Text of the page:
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for analytic maps, at least complex analytic ones, you can use line bundles, and divisors. i.e. given an appropriately positive divisor the riemenn roch theorem implies there exists a large number of analytic sections of the line bundle, and enough to separate bioth points and tangent vectors.

see the proof of kodaira's embedding theorem.

of course in the case of compact complex analytic manifolds you meet the situation on non embeddable manifolds, first occurring in complex dimension 2.

i.e. not embeddable in complex projective space of any dimension.

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i seem to have plunged off the shallow end.

mathwonk said:
i seem to have plunged off the shallow end.

Don't worry. Your insights are much appreciated, even if most of them go way over my head.

here is the standard "riemann roch" proof of embeddability of a riemann surface of genus g.

the theorem says that if we choose d points and e more points, then whenever d-e > 2g-2, the dimension of the space of meromorphic functions with poles at most at the d points and zeroes at least at the e points, is 1+d-e-g.

thus if we take any d points with d > 2g, then whenever we require one or two more zeroes, we lose one then two dimensions.

thus for any points pq, the set of functions vanishing at p is not all the functions, and the set vanishing at both p and q, is not even all those.

so this set of functions eparates points and tangent vectors (take p=q).

thus we can embed every compact connecetd riemann surface of genus g in projective space of dimension at most g+1, and with degree at most 2g.

this is just riemanns theorem. if we use roch's enhancement of it, then

in fact they can be represented either as degree 2g-2 curves in g-1 space (canonical embedding), or as double covers of the projective line (hyperelliptic case).

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mathwonk said:
thus we can embed every compact connecetd riemann surface of genus g in projective space of dimension at most g+1, and with degree at most 2g.

this is just riemanns theorem. if we use roch's enhancement of it, then

in fact they can be represented either as degree 2g-2 curves in g-1 space (canonical embedding), or as double covers of the projective line (hyperelliptic case).

All right, I'm confused now: a compact Riemann surface of genus g is a sphere with g handles attached to it, which means that topologically it's automatically embeddable in R^3, although clearly not holomorphically -- the above construction, I believe, gives the holomorphic embedding. Is that right? I think I'm misremembering the connection between the genus and the number of handles.

If so, then my question is: is there a noncompact orientable surface that cannot be embedded (homeomorphically) in R^3? Clearly, any nonorientable surface will not be embeddable (I'm not allowing self-intersections).

If not, then just ignore me.

that is right, the above is the holomorphic embedding.

to see that a holomorphic structure can differ from a topological structure picture a torus, i.e. riemann surface of genus one, mapped two to one noto the projective line, i.e. the complex "plane".

fropm topology it follows that the 2 to 1 map is branched at exactly 4 points. i.e. the derivative of the map vanishes at 4 points of the torus, or equivalently, there are 4 points of the plane over which the map has only one preimage.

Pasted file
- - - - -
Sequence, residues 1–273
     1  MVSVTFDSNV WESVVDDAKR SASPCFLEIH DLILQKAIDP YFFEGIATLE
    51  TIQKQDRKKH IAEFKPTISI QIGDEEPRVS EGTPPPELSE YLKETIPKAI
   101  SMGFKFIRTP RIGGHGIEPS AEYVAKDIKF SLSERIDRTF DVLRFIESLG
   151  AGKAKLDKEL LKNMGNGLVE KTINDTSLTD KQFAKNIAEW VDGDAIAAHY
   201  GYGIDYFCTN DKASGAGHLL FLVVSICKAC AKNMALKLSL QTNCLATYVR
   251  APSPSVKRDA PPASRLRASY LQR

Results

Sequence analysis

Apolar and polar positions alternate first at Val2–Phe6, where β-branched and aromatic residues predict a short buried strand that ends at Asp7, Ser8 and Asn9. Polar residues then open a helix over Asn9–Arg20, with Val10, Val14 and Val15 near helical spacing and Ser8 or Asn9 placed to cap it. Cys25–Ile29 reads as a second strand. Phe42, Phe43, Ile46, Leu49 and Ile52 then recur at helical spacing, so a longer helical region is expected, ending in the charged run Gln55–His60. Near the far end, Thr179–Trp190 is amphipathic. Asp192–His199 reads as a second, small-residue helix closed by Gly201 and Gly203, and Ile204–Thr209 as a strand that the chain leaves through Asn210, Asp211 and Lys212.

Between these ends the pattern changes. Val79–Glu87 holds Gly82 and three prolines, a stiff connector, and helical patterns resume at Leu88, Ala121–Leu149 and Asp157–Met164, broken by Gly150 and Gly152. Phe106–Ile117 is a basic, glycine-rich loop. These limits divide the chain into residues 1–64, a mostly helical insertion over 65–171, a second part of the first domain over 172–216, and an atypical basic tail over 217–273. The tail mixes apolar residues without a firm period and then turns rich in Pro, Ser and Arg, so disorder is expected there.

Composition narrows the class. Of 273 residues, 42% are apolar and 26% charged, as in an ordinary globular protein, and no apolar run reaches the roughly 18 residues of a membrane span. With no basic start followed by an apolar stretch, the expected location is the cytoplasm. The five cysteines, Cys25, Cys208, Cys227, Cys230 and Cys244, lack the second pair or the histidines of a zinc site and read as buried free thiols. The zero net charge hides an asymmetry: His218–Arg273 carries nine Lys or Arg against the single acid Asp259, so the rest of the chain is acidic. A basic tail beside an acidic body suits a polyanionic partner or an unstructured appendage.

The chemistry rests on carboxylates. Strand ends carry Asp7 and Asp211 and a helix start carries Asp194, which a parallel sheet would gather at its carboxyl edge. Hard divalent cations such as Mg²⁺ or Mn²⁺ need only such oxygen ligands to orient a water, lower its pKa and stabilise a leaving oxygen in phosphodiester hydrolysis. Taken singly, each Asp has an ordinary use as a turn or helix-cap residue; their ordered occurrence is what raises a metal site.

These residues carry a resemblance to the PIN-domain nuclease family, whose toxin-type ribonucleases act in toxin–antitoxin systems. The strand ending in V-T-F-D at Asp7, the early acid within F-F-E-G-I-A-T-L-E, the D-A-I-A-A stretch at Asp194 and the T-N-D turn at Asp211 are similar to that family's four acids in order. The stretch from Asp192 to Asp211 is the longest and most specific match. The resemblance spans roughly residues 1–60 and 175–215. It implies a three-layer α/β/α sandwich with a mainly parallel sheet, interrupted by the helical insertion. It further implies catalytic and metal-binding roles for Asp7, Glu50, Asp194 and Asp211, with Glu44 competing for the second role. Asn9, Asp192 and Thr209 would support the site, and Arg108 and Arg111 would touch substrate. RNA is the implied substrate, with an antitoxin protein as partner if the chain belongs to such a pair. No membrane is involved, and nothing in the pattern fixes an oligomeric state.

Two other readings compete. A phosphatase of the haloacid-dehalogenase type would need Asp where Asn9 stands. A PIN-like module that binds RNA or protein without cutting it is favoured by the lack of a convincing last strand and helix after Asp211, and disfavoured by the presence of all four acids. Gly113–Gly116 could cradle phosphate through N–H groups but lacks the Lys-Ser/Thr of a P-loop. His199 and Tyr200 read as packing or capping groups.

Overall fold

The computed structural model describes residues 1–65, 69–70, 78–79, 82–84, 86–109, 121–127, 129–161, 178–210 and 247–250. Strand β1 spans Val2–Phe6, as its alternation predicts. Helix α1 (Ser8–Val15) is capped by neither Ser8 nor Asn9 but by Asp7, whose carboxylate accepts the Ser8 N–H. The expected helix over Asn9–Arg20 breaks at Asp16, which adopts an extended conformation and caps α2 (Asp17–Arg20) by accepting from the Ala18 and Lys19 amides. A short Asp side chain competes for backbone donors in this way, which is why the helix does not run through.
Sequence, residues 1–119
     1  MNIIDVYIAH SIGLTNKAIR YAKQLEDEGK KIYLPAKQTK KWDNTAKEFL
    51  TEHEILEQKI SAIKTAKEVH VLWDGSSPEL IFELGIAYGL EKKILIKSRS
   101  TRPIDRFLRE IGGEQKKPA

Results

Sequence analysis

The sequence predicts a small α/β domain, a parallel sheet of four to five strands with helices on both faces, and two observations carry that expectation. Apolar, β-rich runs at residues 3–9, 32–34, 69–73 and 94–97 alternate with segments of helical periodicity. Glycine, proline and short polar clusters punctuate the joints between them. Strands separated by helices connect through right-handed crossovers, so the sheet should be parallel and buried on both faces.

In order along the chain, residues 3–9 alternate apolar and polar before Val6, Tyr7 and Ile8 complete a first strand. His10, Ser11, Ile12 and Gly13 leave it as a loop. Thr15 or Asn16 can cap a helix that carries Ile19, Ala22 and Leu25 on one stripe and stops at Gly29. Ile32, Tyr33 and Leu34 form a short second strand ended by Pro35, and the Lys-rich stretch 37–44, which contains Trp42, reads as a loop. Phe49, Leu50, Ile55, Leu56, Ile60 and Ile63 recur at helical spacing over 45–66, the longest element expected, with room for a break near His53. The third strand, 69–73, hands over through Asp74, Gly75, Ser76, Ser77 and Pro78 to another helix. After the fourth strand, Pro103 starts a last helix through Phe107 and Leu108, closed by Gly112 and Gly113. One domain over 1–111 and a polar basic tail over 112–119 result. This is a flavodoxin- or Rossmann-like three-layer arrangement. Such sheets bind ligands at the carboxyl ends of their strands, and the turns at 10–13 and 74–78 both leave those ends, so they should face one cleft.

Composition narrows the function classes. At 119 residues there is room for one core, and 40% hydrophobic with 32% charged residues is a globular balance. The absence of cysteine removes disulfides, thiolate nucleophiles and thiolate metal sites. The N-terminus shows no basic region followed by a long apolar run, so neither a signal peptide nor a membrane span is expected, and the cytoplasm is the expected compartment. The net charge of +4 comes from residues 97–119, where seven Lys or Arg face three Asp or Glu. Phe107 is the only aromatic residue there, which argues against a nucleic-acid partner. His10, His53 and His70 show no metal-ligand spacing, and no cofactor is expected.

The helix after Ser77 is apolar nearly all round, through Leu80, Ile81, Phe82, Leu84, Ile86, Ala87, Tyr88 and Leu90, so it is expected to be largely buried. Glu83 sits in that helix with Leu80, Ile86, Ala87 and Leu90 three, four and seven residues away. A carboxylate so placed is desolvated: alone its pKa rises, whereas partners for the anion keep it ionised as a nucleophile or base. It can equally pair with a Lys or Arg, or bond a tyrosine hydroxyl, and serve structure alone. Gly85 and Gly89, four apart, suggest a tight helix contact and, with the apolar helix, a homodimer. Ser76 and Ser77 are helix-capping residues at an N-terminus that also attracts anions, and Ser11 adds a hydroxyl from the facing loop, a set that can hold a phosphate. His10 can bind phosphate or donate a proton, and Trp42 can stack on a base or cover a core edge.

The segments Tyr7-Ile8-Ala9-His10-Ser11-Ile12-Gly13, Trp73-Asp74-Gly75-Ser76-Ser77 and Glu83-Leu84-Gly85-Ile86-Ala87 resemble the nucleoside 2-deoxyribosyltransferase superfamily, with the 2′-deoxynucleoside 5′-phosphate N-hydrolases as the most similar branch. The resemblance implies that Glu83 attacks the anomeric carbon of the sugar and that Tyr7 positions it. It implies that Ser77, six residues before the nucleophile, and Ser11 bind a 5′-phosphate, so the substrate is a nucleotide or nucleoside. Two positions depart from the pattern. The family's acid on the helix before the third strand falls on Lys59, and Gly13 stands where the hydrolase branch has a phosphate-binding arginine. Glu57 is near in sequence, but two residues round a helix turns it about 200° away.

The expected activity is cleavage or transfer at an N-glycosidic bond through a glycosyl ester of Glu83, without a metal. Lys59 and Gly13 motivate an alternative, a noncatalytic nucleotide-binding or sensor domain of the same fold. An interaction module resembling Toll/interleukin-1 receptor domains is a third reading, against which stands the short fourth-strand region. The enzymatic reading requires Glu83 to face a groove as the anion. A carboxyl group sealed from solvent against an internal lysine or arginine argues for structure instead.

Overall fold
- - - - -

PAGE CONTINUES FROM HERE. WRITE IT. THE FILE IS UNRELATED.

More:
this map gives the torus T its holomorphic structure. i.e. function from T to the complex plane is holomorphic if and only if everywhere locally the corresponding function from a small disc in the plane is holomorphic.

then you can imagine another torus branched over 4 different points. in general these 4 points cannot be brought into the same positions as the first 4 by a n mobius transformation. so there is no holomorphic 1-1 map from one torus to the other.

i do not know whether there are non compact (second countable) orientable surfaces that do not embed in R^3, but of course there are some topologically pathological ones, non second countable i guess.

it is also not at all clear that a non orientable, non compact, surface will not embed, since a mobius strip does embed in R^3.

mathwonk said:
it is also not at all clear that a non orientable, non compact, surface will not embed, since a mobius strip does embed in R^3.

Ah, I was making an unspoken assumption: that the surface is compact without boundary, so that there is a well-defined normal and thus a well-defined complex structure and thus a well-defined orientation. Although now that I think about it, I'm not quite sure that the lack of a boundary would give a well-defined normal. Isn't there some sort of 3-dimensional Jordan separation theorem for compact surfaces w/o boundary?

yes every compact connected smooth hypersurface in R^n separates R^n into two connected components, an inside and an outside. in particular the hypersurface cannot be one - sided.

Is that the jordan curve theorem?

in the plane yes, but in general it is called the jordan brouwer separation theorem. actually this is the smooth case, for the continuous case i need to check the cohomology theory (lefschetz duality?) in higher dimensions.

Jordan-Brouwer Separation Theorem Any imbedding of the n-1 dimensional sphere into n-dimensional Euclidean space, separates the Euclidean space into two disjoint regions.

Brouwer was unable to prove the analog of the Jordan-Schönflies theorem, that the inside and outside of such an imbedded sphere are homeomorphic to the inside and outside of the standard sphere in Euclidean space (ie. the sphere of unit vectors). In 1921 J. W. Alexander announced that he had a proof of this result. However before he published his paper, he discovered a mistake in his proof. Then in 1924 he discovered a counterexample to the analog of the Jordan-Schönflies theorem in 3-dimensions, what came to be known as "Alexander's horned sphere":

The outside of the horned sphere is not simply connected, unlike the outside of the standard sphere: a loop around one of the horns of the horned sphere can't be continuously deformed to a point without passing through the horned sphere

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ok here is the continuous case. it follows from alexander duality (which follows from lefschtetz duality)

if a compact n-1 manifold A is embedded in R^n, then the complement of A has one more connected component than A has.